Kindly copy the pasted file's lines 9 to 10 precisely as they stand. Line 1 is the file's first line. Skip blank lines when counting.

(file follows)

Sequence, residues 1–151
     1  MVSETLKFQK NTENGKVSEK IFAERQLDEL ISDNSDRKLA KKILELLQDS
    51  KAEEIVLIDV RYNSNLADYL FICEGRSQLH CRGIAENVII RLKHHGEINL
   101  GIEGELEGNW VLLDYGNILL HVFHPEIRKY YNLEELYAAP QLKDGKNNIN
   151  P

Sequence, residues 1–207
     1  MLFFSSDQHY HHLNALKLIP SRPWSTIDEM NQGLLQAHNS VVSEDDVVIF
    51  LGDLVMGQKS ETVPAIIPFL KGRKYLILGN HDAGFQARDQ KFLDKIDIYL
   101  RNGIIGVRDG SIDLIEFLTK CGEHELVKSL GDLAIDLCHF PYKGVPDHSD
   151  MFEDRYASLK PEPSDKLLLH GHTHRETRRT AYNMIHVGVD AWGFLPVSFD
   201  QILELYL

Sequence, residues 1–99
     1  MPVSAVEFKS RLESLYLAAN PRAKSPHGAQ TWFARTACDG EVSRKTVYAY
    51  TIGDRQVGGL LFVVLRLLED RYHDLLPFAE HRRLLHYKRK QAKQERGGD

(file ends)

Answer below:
   101  RNGIIGVRDG SIDLIEFLTK CGEHELVKSL GDLAIDLCHF PYKGVPDHSD
   151  MFEDRYASLK PEPSDKLLLH GHTHRETRRT AYNMIHVGVD AWGFLPVSFD